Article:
Intellectual Property

Spotlight on Counterfeits

Health, National Security and America’s Innovation Economy Are on the Line

The Organization for Economic Cooperation and Development (OECD) issued a new report, Trade in Counterfeit and Pirated Goods, offering a stark assessment of IP theft and how it threatens to jeopardize future innovation and “sustainable IP-based business models.” The report’s alarm is warranted as trade in counterfeit and pirated goods is on the rise, accounting for 2.5 percent of all world trade, or $461 billion in 2013, making it among the largest criminal enterprises on the planet. Global trade in counterfeits has dire health, national security and economic ramifications. Use of counterfeits poses health risks to consumers, discourages investment with large opportunity costs, and the revenues from illicit activities often finance criminal and terrorist activities. Counterfeiting losses suffered by businesses put people out of work – some estimates put the cost at hundreds of thousands of American jobs lost annually to intellectual property theft.

Overwhelmingly, most counterfeit products seized originate in China; however, Chinese firms are also victims of IP theft. Developed countries are targeted the most. The OECD report estimates five percent of imports to the EU, valued at $116 billion, are counterfeit or pirated goods.

Counterfeiters target every range and class of product from luxury goods to pharmaceutical and health products to children’s toys. Counterfeits have even entered the U.S. military supply chain. A New York couple recently pleaded guilty to participating in a scheme that involved importing more than 100,000 counterfeit toys from China. For eight years the two smuggled imitation Dora the Explorer, Winnie the Pooh and Power Rangers toys that contained lead and other poisonous chemicals into the U.S. According to a special agent from the Department of Homeland Security, the counterfeit toys “endangered thousands of American children.”

One in 10 medications sold internationally is fake, and Interpol reported a spike in illicit pill confiscation from 2.4 million seized in 2011 to 20.7 million in 2015. This illegal commerce poses serious health risks to consumers around the world who may unwittingly end up with an ineffective or toxic product. Counterfeit pharmaceuticals jeopardize the health of future patients by reducing the incentive for firms to invest in research and development. Without appropriate IPR protections and enforcement, companies cannot justify multibillion-dollar investments to develop innovative medicines.

Counterfeit parts are rampant in the military supply chain and pose safety and national security threats. More than one million suspect parts have been found in the U.S. in the last three years alone. Investigators working on a 2014 case, where a Pennsylvania man was sentenced to 21 months in prison for importing and distributing counterfeit circuit boards to the military, observed that the items “redistributed could likely have caused serious bodily injury or impaired military operations, personnel or national security.”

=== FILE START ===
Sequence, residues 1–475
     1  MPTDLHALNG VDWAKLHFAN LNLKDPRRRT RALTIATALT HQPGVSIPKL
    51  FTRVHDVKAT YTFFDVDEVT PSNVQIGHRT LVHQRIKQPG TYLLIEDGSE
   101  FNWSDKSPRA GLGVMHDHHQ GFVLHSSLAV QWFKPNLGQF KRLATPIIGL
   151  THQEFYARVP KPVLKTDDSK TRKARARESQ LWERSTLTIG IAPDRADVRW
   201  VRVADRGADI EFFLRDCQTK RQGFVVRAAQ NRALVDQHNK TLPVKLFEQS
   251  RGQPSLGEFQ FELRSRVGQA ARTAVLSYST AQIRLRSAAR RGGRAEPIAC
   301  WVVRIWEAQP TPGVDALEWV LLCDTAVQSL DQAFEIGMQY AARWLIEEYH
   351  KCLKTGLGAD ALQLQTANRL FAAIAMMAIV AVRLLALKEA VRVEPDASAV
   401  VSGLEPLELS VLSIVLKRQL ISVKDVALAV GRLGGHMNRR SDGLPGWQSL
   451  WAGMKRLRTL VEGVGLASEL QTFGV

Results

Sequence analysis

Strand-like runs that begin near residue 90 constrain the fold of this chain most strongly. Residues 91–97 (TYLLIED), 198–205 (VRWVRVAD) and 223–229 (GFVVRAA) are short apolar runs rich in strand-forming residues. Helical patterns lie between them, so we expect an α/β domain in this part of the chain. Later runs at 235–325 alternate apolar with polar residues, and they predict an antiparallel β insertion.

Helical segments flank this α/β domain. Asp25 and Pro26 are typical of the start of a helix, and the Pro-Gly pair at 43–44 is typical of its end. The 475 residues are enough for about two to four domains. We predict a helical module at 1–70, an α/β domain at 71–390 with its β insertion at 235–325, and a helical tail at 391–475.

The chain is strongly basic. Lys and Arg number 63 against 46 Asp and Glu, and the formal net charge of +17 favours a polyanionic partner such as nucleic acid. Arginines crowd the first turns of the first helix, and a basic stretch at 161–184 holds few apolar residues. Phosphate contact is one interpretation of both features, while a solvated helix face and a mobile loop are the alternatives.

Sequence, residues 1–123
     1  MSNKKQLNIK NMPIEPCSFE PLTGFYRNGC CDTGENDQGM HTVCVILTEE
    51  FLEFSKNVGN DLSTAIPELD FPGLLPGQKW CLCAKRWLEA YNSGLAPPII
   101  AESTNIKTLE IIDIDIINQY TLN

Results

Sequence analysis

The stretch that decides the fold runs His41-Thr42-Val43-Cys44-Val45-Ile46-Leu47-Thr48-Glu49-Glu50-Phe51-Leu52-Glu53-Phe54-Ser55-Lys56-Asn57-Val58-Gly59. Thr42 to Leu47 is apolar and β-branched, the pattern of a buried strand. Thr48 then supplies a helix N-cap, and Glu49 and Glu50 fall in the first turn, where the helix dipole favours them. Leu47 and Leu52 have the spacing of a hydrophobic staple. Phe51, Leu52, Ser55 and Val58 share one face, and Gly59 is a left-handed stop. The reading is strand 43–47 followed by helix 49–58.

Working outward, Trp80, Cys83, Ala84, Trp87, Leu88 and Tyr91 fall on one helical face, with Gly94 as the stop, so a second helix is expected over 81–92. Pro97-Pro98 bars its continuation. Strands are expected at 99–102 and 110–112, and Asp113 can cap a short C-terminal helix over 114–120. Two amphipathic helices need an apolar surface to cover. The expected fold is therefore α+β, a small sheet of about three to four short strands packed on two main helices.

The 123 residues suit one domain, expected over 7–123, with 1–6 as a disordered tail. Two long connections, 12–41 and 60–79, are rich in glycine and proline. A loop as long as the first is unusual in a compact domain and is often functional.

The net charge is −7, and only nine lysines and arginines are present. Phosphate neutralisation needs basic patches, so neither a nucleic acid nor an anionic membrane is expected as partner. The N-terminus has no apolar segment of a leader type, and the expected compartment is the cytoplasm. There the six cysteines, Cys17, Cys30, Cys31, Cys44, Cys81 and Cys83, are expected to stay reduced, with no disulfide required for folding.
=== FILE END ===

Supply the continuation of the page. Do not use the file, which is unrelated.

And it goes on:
E-commerce has undoubtedly enhanced the ability of legitimate businesses to reach consumers around the world, however it has also facilitated trade in illicit goods. The OECD report describes the increase in websites created by online counterfeiters that are virtually indistinguishable from legitimate sites and frequently deceive consumers. E-commerce has also led to an increase in small shipments sent by mail which present greater challenges to law enforcement in interdicting illicit goods.

The best defenses against the domestic proliferation of counterfeits are collaborative partnerships between federal and local law enforcement officials. The investigation that ultimately led to the conviction of the counterfeit toy distributors in New York was spearheaded by Immigration and Customs Enforcement (ICE), Homeland Security Investigations (HSI) and the New York City Police Department. Similarly, local HSI agents in Maryland, Florida and Pennsylvania were responsible for apprehending the counterfeit military parts purveyor. The same collaboration and intelligence sharing thwarts illicit trade globally. The National IPR Coordination Center is a joint effort of ICE, the FBI, HSI, and Customs and Border Protection, among other U.S. agencies, working together with EUROPOL, INTERPOL and a host of law enforcement entities located outside the U.S.

Counterfeiters threaten the health and wealth of millions of people worldwide. Stronger enforcement of IP laws and increased cooperation between law enforcement agencies around the world is needed to respond to this growing threat. Otherwise dangerous fakes that put lives at risk, undermine innovation and stifle economic growth will continue to proliferate. World IP Day is an ideal time to spotlight this growing threat.


In Depth: Intellectual Property

Innovation and the intellectual property (IP) often underpinning it are crucial drivers of human progress. Innovation saves lives, facilitates human connections that have even sparked revolutions and entertains and enchants people around the globe. Pharmaceuticals, computer operating systems, social networking sites and films are all tangible examples of the intellectual …

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